This is the interpretation placed on this aspect of the Dix v. Canada (Attorney General) decision by Paisley J. in Gabadon v. Toronto Police Services Board (2003), 16 C.C.L.T. (3d) 225 (Ont. Sup. Ct. J.). In my view, proceeding with a prosecution in a case where there is no reasonable and probable cause may not of itself constitute malice, but it is certainly evidence from which an inference of malice can be drawn in an 22 appropriate case. See Lacombe et al. v. André et al. (2003), 11 C.R. (6th) 92 (Que. C.A.) at para. 86. There is nothing in Nelles or Proulx to suggest otherwise. Malice can usually be established only by inference from the other facts and circumstances of the case, including the conduct of the prosecutor. Proceeding without reasonable and probable cause is contrary to the law and demands a credible explanation, failing which the inference of malice can be drawn.
 The court observes in Lacombe et al. v. André et al., supra, at paras. 52-54, that in cases involving serious charges where the complainant's credibility is the very crux of the decision-making process of whether to lay charges, an investigation must take into consideration all the information available. The court held that a more thorough investigation would have made it possible to cast serious doubt on the authenticity of the charges and would have allowed the prosecutor to make a more informed decision.
 In cases involving defendants other than police officers and prosecutors, the law is not clear as to what circumstances must be established before these other classes of defendants can be found to "initiate proceedings" within the meaning of the first element of malicious prosecution. Successful malicious prosecution actions have been brought against persons other than police officers or prosecutors. In Romegialli v. Marceau (1963), 42 D.L.R. (2d) 481 (Ont. C.A.), the court stated at p. 482: . . . The gist of an action for damages for malicious prosecution is that it is an abuse of the process of the Court by wrongfully setting the law in motion on a criminal charge. . . .
 Walker J. in Berman v. Jenson (1989), 77 Sask. R. 161 (Q.B.) at p. 163 stated: . . . The defendant must have been "actively instrumental" in setting the law in motion. Simply giving a candid account, however incriminating, to the police is not the equivalent of launching a prosecution. The critical decision to prosecute is not that of the private person. . . .
 Failing to give a frank and candid account of events to police or participating in or interfering with the investigation and prosecution, may attract liability. Hinde v. Skibinski (1994), 21 C.C.L.T. (2d) 314 (Ont. Gen. Div.). A person may "institute proceedings" by giving information to the police which the person knew or ought to have known was false, misleading or incomplete or was given for reasons of malice. Samuel Manu-Tech Inc. v. Redipac Recycling Corp. (1998), 66 O.T.C. 16 at para. 32 (Gen. Div.). Such a defendant may be liable if the inevitable result of his or her conduct is such that a charge will be laid against the plaintiff. Fitzjohn v. Mackinder (1861), 9 C.B.N.S. 505 (Eng. Ex. Ct.).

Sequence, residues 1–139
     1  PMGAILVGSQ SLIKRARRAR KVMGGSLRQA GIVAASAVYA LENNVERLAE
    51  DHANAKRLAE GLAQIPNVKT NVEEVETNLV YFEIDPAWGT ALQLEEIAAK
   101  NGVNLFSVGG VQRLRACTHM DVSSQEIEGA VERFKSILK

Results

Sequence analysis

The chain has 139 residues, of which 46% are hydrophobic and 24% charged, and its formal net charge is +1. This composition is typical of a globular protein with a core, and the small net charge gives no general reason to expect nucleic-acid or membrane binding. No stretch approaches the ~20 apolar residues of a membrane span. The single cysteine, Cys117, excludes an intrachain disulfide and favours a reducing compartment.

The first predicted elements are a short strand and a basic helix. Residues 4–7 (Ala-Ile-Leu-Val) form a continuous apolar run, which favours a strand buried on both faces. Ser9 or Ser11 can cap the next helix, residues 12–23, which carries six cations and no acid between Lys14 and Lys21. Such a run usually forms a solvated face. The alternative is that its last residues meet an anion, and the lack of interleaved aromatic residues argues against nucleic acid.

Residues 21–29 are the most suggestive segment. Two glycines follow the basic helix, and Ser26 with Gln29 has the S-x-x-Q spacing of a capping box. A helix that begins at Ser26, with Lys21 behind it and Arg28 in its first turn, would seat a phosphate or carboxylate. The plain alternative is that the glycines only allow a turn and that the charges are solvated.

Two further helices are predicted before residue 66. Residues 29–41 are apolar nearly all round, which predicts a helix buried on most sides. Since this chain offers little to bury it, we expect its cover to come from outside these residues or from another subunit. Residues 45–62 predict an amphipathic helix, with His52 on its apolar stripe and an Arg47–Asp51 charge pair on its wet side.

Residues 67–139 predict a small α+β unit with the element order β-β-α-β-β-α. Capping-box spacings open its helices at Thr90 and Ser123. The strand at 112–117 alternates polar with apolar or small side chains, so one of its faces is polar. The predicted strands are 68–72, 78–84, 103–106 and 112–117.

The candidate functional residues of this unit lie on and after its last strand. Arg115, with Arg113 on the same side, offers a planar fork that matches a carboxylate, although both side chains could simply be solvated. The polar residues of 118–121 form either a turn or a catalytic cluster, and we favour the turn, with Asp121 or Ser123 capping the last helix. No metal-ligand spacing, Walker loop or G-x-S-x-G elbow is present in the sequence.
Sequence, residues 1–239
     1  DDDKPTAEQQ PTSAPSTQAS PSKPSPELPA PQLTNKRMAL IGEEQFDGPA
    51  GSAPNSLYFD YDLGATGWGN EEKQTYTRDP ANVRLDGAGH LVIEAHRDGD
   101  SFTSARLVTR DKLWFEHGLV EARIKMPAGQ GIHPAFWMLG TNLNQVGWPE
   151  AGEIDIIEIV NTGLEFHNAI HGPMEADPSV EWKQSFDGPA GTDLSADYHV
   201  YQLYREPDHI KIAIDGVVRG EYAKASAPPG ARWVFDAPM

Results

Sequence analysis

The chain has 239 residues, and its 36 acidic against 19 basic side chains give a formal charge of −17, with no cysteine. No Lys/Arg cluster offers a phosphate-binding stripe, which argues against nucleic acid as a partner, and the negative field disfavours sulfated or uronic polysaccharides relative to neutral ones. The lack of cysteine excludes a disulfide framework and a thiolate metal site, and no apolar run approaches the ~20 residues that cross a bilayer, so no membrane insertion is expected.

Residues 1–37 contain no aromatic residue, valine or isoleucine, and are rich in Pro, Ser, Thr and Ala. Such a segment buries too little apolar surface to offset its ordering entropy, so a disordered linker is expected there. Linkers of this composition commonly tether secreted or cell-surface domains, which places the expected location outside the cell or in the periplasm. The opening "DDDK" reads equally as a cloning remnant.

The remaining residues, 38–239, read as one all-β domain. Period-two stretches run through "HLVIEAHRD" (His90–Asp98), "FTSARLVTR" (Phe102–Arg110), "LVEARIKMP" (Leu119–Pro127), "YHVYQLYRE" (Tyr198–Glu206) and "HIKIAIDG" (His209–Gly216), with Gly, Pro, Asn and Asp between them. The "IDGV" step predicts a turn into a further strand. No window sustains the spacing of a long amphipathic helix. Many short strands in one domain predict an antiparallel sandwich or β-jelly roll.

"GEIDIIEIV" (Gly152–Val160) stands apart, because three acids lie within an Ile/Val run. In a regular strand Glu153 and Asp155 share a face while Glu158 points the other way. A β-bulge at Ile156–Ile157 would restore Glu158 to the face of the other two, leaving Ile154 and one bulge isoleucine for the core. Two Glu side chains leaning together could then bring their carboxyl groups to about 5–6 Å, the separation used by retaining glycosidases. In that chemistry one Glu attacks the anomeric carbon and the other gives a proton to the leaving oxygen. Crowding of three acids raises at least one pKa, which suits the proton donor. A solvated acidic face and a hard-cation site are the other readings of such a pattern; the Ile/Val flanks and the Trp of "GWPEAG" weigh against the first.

In Wood v. Kennedy (1998), 165 D.L.R. (4th) 542 (Ont. Gen. Div.), the court observed at p. 561: . . . The nature of her allegations was such that it was difficult, if not impossible, for the police to exercise any independent discretion or judgment, and in the circumstances, the police had little choice but to charge Robert Wood.
 In the recent case of Small v. Newfoundland, 2003 NLSCTD 90, (2003), 227 Nfld. & P.E.I.R. 1 at para. 103 (S.C.(T.D.)), the court adopted the statement in Clerk & Lindsell on Torts, 18th ed. (London: Sweet & Maxwell, 2000) at para. 16-12: This first element, initiation of the proceedings, was not discussed by the Supreme Court of Canada in Nelles or Proulx. Whether an informant can be held responsible for initiating a prosecution when police act on information offered was considered by the House of Lords in Martin v. Watson,  A.C. 74. That case established that a person who gives information to the police on the basis of which a decision to prosecute is made by the police will not be liable for malicious prosecution unless:
(1) The defendant falsely and maliciously gave information about an alleged crime to a police officer stating a willingness to testify against the claimant and in such a manner as makes it proper to infer that the defendant desired and intended that a prosecution be brought against the claimant.
(2) The circumstances are such that the facts relating to the alleged crime are exclusively within the knowledge of the defendant so that it is virtually impossible for the police officer to exercise any independent discretion or judgment on the matter.
(3) The conduct of the defendant must be shown to be such that he makes it virtually inevitable that a prosecution will result from the complaint. His conduct is of a nature that "1/if a prosecution is instituted by the police officer the proper view of the matter is that the prosecution has been procured by the complainant".